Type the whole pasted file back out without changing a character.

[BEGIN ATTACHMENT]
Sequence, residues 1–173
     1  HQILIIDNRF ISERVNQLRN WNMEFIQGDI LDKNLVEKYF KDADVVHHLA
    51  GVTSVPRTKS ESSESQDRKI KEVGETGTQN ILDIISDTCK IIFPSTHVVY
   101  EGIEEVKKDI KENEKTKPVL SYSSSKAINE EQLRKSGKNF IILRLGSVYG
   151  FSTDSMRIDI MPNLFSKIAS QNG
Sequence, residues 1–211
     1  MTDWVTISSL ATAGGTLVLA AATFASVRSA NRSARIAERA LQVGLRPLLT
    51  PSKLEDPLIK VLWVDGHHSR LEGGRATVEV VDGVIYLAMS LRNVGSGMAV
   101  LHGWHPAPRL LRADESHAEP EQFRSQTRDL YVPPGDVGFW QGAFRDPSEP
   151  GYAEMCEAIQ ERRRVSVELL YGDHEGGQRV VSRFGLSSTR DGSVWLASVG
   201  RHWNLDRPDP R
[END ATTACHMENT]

Sequence, residues 1–173
     1  HQILIIDNRF ISERVNQLRN WNMEFIQGDI LDKNLVEKYF KDADVVHHLA
    51  GVTSVPRTKS ESSESQDRKI KEVGETGTQN ILDIISDTCK IIFPSTHVVY
   101  EGIEEVKKDI KENEKTKPVL SYSSSKAINE EQLRKSGKNF IILRLGSVYG
   151  FSTDSMRIDI MPNLFSKIAS QNG
Sequence, residues 1–211
     1  MTDWVTISSL ATAGGTLVLA AATFASVRSA NRSARIAERA LQVGLRPLLT
    51  PSKLEDPLIK VLWVDGHHSR LEGGRATVEV VDGVIYLAMS LRNVGSGMAV
   101  LHGWHPAPRL LRADESHAEP EQFRSQTRDL YVPPGDVGFW QGAFRDPSEP
   151  GYAEMCEAIQ ERRRVSVELL YGDHEGGQRV VSRFGLSSTR DGSVWLASVG
   201  RHWNLDRPDP R